A row of seaside caravans were left teetering on the brink of a cliff after a landslide the size of two football pitches.
Coastguards and emergency services were called after part of the cliff collapsed, leaving caravans in danger of plummeting onto the beach below.
No-one was hurt in the incident, but at least one woman who lives in one of the caravans has been evacuated, with members of the public being warned to avoid the area in Trimingham, near Cromer, Norfolk.
Some of the caravans have now had to be pulled away from the side of the cliff to make sure they don’t topple over the edge.
Coastguards reportedly described the size of the landslide, which happened next to the Trimingham House Caravan Park, as equivalent to “a couple of football pitches”.
The incident comes just a month after a study using Environmental Agency data predicted that 7,000 homes, worth more than £1bn, will fall into the sea over the next 100 years.
In a post on Facebook on Monday, HM Coastguard Bacton said teams were called to the caravan park that morning, where a “large cliff fall” had happened in the night.
“Once at the location it was discovered the a massive part of the cliff had fallen and some of the caravans was in danger of falling onto the beach below, one of the caravans had a lady inside and was led to safety,” the post said.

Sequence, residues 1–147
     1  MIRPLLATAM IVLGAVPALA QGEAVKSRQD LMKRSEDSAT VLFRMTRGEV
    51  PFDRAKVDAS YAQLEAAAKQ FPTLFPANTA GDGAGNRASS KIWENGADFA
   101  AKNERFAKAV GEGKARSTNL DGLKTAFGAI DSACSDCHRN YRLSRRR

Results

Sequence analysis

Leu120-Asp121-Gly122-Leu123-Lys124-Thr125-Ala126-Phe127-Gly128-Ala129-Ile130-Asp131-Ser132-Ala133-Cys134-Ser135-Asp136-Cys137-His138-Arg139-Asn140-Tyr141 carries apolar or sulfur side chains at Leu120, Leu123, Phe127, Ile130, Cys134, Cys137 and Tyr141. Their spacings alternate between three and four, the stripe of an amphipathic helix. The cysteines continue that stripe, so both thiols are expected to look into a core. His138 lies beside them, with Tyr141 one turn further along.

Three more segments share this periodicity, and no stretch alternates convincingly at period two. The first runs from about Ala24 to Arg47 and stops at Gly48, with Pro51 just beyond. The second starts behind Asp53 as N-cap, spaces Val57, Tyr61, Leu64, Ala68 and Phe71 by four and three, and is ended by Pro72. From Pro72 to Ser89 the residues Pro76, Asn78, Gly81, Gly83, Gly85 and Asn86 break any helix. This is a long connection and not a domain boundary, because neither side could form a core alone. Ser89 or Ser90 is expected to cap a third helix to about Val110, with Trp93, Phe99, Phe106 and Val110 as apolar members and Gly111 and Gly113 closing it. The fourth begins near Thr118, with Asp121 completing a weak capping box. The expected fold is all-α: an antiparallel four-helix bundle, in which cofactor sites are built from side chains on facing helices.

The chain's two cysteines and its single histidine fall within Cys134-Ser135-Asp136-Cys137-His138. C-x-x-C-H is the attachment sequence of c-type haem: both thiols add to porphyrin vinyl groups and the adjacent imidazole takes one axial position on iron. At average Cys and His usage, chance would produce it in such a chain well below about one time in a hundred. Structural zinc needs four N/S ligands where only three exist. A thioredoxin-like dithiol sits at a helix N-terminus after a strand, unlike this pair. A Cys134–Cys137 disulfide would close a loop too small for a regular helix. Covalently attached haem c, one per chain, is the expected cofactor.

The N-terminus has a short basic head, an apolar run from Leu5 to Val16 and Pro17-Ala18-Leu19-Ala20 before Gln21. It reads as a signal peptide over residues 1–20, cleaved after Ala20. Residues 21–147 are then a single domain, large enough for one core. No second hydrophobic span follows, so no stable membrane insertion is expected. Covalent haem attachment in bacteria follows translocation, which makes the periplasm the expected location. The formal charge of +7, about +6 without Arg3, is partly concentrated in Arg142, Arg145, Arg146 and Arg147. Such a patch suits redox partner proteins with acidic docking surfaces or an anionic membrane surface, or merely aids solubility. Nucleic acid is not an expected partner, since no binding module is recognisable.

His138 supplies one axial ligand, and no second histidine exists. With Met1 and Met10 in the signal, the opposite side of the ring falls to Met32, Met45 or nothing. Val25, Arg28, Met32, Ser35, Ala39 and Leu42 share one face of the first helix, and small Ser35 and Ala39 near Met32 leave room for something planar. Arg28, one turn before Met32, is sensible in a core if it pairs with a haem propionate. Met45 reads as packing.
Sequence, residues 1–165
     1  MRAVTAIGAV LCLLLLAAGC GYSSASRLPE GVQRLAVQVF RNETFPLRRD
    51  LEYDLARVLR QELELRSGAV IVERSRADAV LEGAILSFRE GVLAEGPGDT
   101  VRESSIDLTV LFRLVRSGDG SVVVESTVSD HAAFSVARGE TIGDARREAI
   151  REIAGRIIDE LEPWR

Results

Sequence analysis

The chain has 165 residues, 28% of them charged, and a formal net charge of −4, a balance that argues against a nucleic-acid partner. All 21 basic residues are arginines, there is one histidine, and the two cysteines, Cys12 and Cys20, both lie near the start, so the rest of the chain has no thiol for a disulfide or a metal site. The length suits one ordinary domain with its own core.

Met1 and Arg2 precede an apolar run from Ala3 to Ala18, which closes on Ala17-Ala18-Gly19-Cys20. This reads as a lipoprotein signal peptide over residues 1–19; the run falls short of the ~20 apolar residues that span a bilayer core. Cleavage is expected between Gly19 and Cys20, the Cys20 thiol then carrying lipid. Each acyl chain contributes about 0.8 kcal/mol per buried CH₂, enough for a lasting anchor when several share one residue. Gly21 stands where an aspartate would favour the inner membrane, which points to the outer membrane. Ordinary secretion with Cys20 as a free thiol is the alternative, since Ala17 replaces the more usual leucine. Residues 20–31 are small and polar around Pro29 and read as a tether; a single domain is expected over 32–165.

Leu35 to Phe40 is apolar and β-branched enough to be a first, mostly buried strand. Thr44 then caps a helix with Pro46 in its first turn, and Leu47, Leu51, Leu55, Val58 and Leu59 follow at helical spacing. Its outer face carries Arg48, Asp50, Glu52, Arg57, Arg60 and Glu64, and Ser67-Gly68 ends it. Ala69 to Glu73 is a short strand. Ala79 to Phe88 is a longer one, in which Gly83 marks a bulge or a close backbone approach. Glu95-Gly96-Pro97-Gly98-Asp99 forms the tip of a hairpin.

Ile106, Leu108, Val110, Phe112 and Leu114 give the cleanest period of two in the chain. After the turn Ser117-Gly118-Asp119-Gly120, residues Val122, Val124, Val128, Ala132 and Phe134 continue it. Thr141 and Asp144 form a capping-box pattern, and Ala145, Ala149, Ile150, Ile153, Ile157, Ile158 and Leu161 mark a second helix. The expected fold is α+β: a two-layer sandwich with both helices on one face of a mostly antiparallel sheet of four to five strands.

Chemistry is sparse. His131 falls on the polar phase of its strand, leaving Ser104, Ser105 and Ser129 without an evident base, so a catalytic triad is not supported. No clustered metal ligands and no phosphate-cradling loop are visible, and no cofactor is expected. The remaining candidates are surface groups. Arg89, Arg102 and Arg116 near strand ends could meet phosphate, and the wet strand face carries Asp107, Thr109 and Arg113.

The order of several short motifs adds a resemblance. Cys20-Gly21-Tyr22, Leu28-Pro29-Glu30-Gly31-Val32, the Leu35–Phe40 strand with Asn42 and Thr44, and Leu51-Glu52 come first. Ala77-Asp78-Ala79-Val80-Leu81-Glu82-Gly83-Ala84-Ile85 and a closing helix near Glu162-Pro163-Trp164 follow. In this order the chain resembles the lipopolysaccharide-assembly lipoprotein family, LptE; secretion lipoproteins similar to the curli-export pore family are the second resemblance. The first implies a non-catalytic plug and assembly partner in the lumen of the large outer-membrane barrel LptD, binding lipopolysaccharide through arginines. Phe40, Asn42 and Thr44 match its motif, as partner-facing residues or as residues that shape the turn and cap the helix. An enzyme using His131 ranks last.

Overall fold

It added: “The whole of this area is very dangerous and we asked everyone to keep away, but if you do see anything dangerous on the cliff or beach, please call 999 and ask for the Coastguard.”
Figures from Plymouth University, cited by the Marine Climate Change Impacts Partnership, found that coastal erosion is occurring along 17% of the UK coastline - comprising 30% of England's coastline; 23% in Wales; 20% in Northern Ireland and 12% of the Scottish coastline.
In December a study from price comparison site Confused.com using Environmental Agency data predicted the shocking speed of erosion on England’s coastline within the next century, with thousands of homes at risk of collapsing into the sea as the coastline fades away.
It calculated that 7,000 homes, worth more than £1bn, will fall into the sea over the next 100 years and also showed that 520,000 properties are in areas with coastal flooding risk - a figure that could treble to 1.5 million in the next 60 years without further action.